the action of some exciting cause, which
ma or may not be applied. A repell
ing power exists, which builds up and
neutralizes the injuries received from
alcohol to a certain extent. It is not
will power which makes the difference
between the inebriate and moderate
drinker It is physiologi -a! and patho
logical conditions of the brain and
nervous system, which tho possessor :is
cribes to will power. Alcohol can not
be used in moderation withoutgrave in
juries to the nerve renters.
The moderate drinker is always dis
eased, although to the non-expert th"ro
are no clear symptoms orcoar-c lesson-
that can be seen. A careful study will
reveal phvsiea'ly an irritable condition
of the heart, with stomach ami digest
ive troubles, also changing and disor
dered functional activity of all the or
gans, at times. Psychically the dispo
sition, habits, temper and mental state
slowlv and gradua ly degenerate and
beeome more unstable. The higher
menial forces drop down or give pla"e
to lower motives and ambitions. No
matter what his position of lite may be.
or his oh e -ts or pl:m. the moderate
use ot alcohol will alter ami urea!,
down bot'i physical energy and precipi
tate destruction. Moderate Users of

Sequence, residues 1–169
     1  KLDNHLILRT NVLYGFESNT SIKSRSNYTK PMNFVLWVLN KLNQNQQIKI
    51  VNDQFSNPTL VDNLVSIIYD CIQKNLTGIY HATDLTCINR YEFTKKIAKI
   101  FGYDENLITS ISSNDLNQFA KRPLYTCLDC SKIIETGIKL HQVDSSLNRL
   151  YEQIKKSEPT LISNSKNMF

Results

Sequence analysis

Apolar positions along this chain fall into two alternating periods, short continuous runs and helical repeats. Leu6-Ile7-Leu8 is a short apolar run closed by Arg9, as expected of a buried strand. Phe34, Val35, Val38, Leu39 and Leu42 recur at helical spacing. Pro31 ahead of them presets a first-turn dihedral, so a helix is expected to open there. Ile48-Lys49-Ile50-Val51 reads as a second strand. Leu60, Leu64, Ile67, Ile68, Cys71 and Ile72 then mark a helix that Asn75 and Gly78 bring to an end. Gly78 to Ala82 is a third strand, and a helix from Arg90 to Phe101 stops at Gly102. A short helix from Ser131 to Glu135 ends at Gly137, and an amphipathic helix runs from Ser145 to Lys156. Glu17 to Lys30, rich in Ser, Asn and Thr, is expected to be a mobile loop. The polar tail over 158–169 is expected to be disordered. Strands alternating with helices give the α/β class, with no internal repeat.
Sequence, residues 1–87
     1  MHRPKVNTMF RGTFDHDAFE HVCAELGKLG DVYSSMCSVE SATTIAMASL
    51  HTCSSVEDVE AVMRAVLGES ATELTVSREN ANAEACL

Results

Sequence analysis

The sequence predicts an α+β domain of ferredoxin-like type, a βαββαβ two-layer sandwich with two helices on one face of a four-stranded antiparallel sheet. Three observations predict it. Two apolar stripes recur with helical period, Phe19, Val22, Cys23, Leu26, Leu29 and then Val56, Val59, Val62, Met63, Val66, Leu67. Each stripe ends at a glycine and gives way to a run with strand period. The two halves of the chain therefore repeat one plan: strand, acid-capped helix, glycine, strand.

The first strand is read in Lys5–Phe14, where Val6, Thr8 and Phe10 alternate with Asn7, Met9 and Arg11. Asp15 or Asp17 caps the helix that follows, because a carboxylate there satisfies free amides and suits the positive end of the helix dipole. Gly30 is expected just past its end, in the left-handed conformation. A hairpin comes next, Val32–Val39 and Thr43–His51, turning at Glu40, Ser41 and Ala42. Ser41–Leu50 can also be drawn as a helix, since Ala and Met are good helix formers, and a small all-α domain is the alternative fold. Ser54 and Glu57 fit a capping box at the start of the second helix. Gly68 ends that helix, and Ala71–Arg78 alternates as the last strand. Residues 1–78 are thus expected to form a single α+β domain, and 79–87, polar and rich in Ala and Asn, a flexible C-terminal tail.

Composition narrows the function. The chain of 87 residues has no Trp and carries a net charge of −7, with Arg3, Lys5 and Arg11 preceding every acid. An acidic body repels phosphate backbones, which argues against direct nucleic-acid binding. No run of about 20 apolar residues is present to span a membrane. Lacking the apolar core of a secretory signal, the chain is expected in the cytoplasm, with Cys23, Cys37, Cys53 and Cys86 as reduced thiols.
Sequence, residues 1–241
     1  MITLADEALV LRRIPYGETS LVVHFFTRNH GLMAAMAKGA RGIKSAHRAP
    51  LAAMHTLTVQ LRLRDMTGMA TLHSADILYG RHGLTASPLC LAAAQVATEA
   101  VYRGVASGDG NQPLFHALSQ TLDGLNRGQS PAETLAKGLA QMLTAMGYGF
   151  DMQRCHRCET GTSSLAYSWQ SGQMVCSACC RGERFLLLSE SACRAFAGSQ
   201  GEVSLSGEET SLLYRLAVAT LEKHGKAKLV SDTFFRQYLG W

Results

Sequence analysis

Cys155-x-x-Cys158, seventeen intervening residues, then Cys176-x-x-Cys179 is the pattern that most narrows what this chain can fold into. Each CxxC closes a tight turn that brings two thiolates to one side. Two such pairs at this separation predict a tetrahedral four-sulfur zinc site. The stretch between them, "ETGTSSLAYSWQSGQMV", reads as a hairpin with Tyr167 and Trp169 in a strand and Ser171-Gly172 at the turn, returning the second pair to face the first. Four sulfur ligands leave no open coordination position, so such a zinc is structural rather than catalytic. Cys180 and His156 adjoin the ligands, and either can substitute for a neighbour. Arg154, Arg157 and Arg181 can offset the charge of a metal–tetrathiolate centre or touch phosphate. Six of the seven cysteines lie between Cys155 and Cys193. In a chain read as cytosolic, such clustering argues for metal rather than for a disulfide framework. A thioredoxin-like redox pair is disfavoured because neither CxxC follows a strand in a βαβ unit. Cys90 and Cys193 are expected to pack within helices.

alcohol always dio from diseases pro
voked and stimulated by this drug.
They alwavs transmit a legacy of de
fective cell energy and exhaustion,
which most readily finds relief in any
alcohol or narcotic.
But only a small per cent, of moder
ate drinkers remain so untd death. Tho
disease goes on to fud development in
inebriety in a vast majority of cases.
The boasted will power to stop at all
times is powerless before its peculiar
exciting cause. Those who never go
beyond this modern use have simply
never been exposed to th's peculiar ex
citing cause. The moderate use of
spirits for a life-time is a mere accident
in the order of nature, and the abil.ty
to stop resting in the will power is a
popular fallacy. A certain number of
cases have signs of incipient pht'iisH,
which may never burst out into the lull
A small number of cases exposed to
small-pox, or any infectious disease,
never take it; but these arc the rare ex
ceptions, whose causes are unknown,
from which no deductions can bo
drawn. Moderate drinking that does
not go on to inebriety is also the excep
tion. Tbe chain of exciting causes that
bring on those extreme stages may or
may not be understood, but they
always break out sooner or later in the
history of the case. Practically the
study of this early stage of inebriety is
of the utmost value in the treatment.
Here remedial measures can be madeoi
the greatest avail in checking and pre
venting anv farther progre-s of thf dis
ease. When inebriety is fully recog
nized as a diseased condition, re quiring
stud' and medical care, this prodrom'.c
period of moderate drinking will receive
the attention it deserve.
In the meantime, as scientific men,
we must continue to call attention to
this early beginning of inebriety, so full
of indications ami hints of the march of
disease, whose progress and termina
tion ean often be predicted with pos
itive certainty. Journal of Inebriety.
Alcohol i. the living of ihose who
sell it, but the death of those who drink